Because fans should be critical, too

Chapter Three: “The Southern Air Temple”


(Rating Out of 15)

After falling under the spell of the two Pilot episodes, “The Southern Air Temple” is at once disappointing and intriguing. (Fair warning: the word “disappointing” will pop up sporadically when reviewing these episodes.)

On the Aang side of things, we get to see his former home that was the once lively Southern Air Temple, and how completely dead and deserted it is after the war. On Zuko’s side, we are introduced to Commander Zhao, who will serve as a rival to Zuko in his race to capture the Avatar.

These are both fascinating developments. For Aang, we come to realize just how alone he really is as the titular last Airbender, and for Zuko, we suddenly begin to root for the villain as he begins to face off against fellow Firebenders less honorable and respectable than he is. So there’s absolutely nothing wrong with “The Southern Air Temple” in the ideas department; no, it’s the execution that turns some things a little sour.

It’s a little strange looking back at this episode and how it handles the genocide of the Airbenders. Unlike later episodes such as “The Southern Raiders,” the issue of death feels rather toned down and even overlooked, as if the writers didn’t want to depress the little ones too early in the show. The sentimentality they use instead really harms the episode’s integrity.

Zuko’s side of the story, on the other hand, is as effective as ever. Every single scene with him, Uncle Iroh, and Commander Zhao is wonderful. Our introduction to Zhao even comes with humor, as neither Iroh nor Zuko can come up with a good lie as to how their ship got damaged. It’s simply amazing how quickly the writers are able to get us to empathize with Zuko in his confrontations with Zhao, a suave and condescending man who appears to want to go after the Avatar only to humiliate Zuko even further. And there are depths to Zuko? A banished prince trying to get back in his father’s favor? And what about this exchange:

Zhao: If your father really wanted you home, he would have let you return by now. Avatar or no Avatar. But in his eyes you are a failure, and a disgrace to the Fire Nation.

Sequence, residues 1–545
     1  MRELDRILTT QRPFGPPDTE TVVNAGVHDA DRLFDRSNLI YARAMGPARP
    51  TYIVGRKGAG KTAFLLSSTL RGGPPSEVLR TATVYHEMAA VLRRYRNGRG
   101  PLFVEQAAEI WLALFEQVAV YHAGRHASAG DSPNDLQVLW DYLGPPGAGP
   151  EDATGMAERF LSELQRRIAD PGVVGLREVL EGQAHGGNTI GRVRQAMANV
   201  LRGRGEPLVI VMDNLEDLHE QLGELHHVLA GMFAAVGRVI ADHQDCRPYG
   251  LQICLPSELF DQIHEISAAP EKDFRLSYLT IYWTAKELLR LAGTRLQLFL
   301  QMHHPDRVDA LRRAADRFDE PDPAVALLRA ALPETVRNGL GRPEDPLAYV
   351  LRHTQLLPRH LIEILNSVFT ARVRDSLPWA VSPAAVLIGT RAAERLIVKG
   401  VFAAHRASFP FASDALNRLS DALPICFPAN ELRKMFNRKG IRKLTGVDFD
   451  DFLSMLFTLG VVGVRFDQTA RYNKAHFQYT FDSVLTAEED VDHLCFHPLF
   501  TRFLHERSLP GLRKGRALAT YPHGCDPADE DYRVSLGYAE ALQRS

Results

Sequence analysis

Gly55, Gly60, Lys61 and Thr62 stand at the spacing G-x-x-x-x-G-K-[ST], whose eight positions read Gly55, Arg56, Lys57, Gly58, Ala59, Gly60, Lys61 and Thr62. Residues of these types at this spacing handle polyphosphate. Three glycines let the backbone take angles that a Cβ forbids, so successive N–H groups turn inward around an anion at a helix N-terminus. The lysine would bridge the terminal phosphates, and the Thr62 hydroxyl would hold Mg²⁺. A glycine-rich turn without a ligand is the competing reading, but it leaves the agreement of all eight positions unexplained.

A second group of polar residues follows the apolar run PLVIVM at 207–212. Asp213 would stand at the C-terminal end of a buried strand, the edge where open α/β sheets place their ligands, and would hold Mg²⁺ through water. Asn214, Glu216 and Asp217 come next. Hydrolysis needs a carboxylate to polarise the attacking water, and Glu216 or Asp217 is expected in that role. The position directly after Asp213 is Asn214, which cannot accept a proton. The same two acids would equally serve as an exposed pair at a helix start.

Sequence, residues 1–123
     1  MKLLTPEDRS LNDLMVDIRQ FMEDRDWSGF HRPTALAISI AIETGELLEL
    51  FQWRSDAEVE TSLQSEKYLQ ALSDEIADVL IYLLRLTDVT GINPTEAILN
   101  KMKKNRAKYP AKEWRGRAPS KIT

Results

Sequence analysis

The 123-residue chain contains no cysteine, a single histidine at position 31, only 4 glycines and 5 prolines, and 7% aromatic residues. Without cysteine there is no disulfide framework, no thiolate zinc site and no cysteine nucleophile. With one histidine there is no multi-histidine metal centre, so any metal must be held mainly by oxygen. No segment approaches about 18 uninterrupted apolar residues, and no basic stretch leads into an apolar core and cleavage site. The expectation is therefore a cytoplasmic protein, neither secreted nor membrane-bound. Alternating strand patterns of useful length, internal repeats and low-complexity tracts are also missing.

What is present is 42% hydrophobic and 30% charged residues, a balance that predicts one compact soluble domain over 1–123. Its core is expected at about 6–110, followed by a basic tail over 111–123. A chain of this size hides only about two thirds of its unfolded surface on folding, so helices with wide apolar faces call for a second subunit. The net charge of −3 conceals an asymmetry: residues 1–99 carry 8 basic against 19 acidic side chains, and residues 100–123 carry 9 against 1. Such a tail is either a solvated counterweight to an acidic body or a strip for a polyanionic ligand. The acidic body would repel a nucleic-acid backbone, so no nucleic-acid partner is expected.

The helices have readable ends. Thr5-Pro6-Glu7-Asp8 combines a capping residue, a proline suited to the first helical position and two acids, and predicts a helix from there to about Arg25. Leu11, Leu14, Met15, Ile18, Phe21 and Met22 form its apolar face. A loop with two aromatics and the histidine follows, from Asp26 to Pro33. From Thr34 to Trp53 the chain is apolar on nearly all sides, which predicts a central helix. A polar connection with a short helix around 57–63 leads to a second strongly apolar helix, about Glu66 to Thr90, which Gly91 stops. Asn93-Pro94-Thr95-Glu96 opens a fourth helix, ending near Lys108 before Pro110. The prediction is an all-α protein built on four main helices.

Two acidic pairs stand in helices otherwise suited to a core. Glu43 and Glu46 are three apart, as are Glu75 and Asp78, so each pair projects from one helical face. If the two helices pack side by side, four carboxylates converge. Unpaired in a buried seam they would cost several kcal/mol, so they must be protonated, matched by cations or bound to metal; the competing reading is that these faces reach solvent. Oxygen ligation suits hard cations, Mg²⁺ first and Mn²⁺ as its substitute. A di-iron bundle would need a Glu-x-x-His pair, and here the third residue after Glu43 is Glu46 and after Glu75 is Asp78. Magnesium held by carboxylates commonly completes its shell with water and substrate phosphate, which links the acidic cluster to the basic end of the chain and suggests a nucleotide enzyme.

Zuko: That’s not true!
Zhao: You have the scar to prove it.


The Agni Kai (or Firebending battle, I guess) between them is not very involving, but it’s definitely interesting. Zuko’s eventual victory is followed by a sneak attack by Zhao, which is stopped and criticized by Uncle Iroh. And the final exchange before he and Zuko leave is delightful, too.

Sadly, Aang’s side pales in comparison, even if he’s supposed to be the center of the series—personally, I think Zuko is the real center. Aang’s excitement over seeing the Southern Air Temple can’t be dimmed by Katara’s warnings that the Airbenders may all be dead. Not even the largely empty Air Temple totally shatters his hopes. I don’t really think they took full advantage of the lonely emptiness until the end of the episode (and it’s extremely effective when they do).

Now there are positive things here. The flashbacks to Aang’s old friend, Master Kyotso, are nicely done and inform us where Aang’s mischievous spirit comes from. The large room with the past Avatars is pretty cool. The first appearance of Momo leads to a fun chase scene, as Aang tries to get him to be friends, and Sokka tries to get him to be food. Aang’s advantages as an Airbender are put to great use, particularly in the exhilarating shots where Aang has jumped from a vast height, leaving Sokka behind. No Rigid Action Syndrome here.

Even with all this good stuff, these passages are largely marred by two things: 1) annoying Sokka humor; and 2) too much sentimentality.